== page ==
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Coronavirus: What’s Happening with Prenatal Care?

Across the board, no developed nation has the rate of maternal deaths that we in the United States suffer. American women are three times more likely to die during pregnancy, delivery, or within one year of giving birth than women in Canada.

When it comes to accessing health care in the United States, deep-seated disparities among marginalized populations continue to exist. And while there are nearly 1,400 free clinics throughout the country to help offset these inequities, the uninsured and underinsured continue to struggle with obtaining the care they so often need. Many free clinics serve as a critical safety net for vulnerable populations, as they provide more than six million patient visits on a yearly basis. However, of these clinics, only 7% offer prenatal and obstetrical services to their communities.

Many women of color report experiencing racial disparities and marginalization in their daily lives, but also while receiving health care, which often leads to a significant distrust of the healthcare system, overall. Immigrants are sometimes fearful of deportation or being denied a green card and may choose to avoid care entirely, while mortality rates for black and Hispanic infants are significantly higher than those of their white counterparts.

In the wake of the rapidly evolving COVID-19 pandemic, new approaches to prenatal care are emerging daily. Research indicates that these may be right for low risk pregnancies even after the pandemic ends but might be dangerous to high risk pregnancies, women with low care access and marginalized population. Specifically, because of COVID-19, in-person prenatal care has now been reduced to an initial prenatal visit, an anatomy ultrasound, and the 28-, 36-, and 39-week visits. Some practices have cut certain nonessential prenatal appointments entirely. With limited clinic visits to those that require in-person services (like ultrasounds and lab tests); pregnant and postpartum mothers are left to self-monitor with little or no support, education or advice. If the patient has home doppler devices, blood pressure cuffs and scales, the practitioners are asking them to use their equipment to monitor their pregnancy in conjunction with their virtual visits.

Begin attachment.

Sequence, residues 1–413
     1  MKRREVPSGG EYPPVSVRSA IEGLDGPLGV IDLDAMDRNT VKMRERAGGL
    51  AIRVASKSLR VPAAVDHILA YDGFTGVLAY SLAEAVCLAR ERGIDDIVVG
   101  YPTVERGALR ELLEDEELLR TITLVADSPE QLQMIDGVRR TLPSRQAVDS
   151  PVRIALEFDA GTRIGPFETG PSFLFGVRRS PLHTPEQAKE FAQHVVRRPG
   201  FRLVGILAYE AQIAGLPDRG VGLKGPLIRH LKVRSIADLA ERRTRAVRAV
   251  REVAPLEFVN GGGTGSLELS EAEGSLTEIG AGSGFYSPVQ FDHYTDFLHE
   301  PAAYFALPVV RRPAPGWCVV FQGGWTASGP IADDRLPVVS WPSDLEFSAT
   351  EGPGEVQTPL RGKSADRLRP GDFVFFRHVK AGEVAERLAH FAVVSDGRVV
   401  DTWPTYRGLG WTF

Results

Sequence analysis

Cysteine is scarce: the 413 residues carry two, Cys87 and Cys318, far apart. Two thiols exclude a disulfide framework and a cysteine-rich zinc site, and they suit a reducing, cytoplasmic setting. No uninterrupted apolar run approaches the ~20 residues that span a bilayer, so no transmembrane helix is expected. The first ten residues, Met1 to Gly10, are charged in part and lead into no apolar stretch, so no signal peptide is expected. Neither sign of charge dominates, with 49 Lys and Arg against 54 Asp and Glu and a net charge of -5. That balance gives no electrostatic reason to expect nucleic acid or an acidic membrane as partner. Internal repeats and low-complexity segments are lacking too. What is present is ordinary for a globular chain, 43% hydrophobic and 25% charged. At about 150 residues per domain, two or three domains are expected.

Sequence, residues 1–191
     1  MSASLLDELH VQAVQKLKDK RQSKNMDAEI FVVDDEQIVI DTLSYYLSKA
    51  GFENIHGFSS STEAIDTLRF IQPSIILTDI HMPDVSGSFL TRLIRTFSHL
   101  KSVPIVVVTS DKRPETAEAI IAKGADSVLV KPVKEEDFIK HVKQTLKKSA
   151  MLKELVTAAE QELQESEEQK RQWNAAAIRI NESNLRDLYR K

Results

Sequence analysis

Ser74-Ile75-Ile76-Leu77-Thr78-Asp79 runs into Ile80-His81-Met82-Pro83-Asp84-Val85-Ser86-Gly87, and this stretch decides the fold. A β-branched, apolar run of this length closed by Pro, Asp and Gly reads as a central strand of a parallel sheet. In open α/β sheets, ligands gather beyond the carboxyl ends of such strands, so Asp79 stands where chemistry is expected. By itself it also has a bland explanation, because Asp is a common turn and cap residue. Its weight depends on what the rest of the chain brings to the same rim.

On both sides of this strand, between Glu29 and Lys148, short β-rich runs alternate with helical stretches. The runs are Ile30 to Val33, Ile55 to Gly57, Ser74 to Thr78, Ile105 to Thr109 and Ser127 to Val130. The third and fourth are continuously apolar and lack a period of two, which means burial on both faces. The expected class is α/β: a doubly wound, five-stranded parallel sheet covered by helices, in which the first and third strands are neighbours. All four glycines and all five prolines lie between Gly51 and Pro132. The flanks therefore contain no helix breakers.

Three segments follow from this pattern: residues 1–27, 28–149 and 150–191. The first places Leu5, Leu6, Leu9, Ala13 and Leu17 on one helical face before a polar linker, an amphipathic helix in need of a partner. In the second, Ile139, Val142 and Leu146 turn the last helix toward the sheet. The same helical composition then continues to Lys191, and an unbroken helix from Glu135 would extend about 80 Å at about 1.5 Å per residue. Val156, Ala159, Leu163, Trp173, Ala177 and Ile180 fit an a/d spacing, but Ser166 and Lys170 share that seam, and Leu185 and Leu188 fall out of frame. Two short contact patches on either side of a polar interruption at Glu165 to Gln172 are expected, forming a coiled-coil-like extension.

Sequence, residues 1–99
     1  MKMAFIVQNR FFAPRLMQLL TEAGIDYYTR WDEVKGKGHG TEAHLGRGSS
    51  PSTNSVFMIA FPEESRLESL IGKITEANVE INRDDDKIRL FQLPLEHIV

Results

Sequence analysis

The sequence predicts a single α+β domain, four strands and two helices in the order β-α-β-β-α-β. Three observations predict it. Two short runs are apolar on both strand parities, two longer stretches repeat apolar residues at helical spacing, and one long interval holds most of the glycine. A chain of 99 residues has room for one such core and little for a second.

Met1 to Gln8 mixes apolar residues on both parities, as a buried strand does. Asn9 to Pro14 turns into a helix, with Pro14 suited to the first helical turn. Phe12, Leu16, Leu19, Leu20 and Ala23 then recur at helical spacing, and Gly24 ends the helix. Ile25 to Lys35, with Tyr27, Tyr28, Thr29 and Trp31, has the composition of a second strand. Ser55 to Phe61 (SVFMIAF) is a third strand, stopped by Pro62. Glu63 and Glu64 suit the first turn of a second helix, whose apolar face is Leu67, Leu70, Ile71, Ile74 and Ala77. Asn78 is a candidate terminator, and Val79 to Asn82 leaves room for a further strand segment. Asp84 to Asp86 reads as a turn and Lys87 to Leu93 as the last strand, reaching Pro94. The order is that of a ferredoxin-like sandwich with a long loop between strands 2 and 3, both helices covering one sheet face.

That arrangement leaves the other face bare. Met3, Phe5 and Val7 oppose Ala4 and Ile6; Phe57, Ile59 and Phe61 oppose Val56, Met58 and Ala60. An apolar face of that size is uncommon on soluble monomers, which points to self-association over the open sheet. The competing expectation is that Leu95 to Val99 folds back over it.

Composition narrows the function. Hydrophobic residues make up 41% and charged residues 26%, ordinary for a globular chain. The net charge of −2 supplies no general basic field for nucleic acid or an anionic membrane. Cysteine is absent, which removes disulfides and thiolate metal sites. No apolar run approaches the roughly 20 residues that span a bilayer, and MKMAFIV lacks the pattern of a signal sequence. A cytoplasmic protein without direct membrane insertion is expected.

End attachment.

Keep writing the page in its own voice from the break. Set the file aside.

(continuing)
Another service that had “gone out the door” is the in hospital prenatal education, preparation for birth group classes, diabetic mom support group, parenting and breastfeeding classes and more. Moms and parents are now left to find their own education and information with no validation of content credibility.

Four months into the “official” pandemic, things remain in flux, and so do variations in practice depending on where you live. As information about COVID-19 continues to evolve, hospitals and practices across the country are still revising and updating their protocols. But the sad reality is labor, and delivery today is entirely different from what anyone would have expected, and it probably will be for a quite a while, on account of COVID-19. The maternal-Infant mortality rate has been increasing steadily between 2014-2018 and unfortunately now with the decrease pre and postnatal care access, loss of insurance coverage and economic stressor there is strong reason to believe we might see further increase in maternal morbidity or mortality in 2021.

About the Author: Sigi Marmorstein, MSN, PHN, FNP is the CEO and founder of BabyLiveAdvice a telehealth company dedicated to maternal child health, as a complete journey addressing every pain point and gap in care. Utilizing remote patient monitoring and telehealth technologies combined with certified, experienced live providers, BLA can educate, support, empower and monitor mothers and parents, thus reducing adverse health outcomes. BLA partners with healthcare providers and health systems to offer panel support, reducing physician burden, improving care adherence and patient satisfaction.

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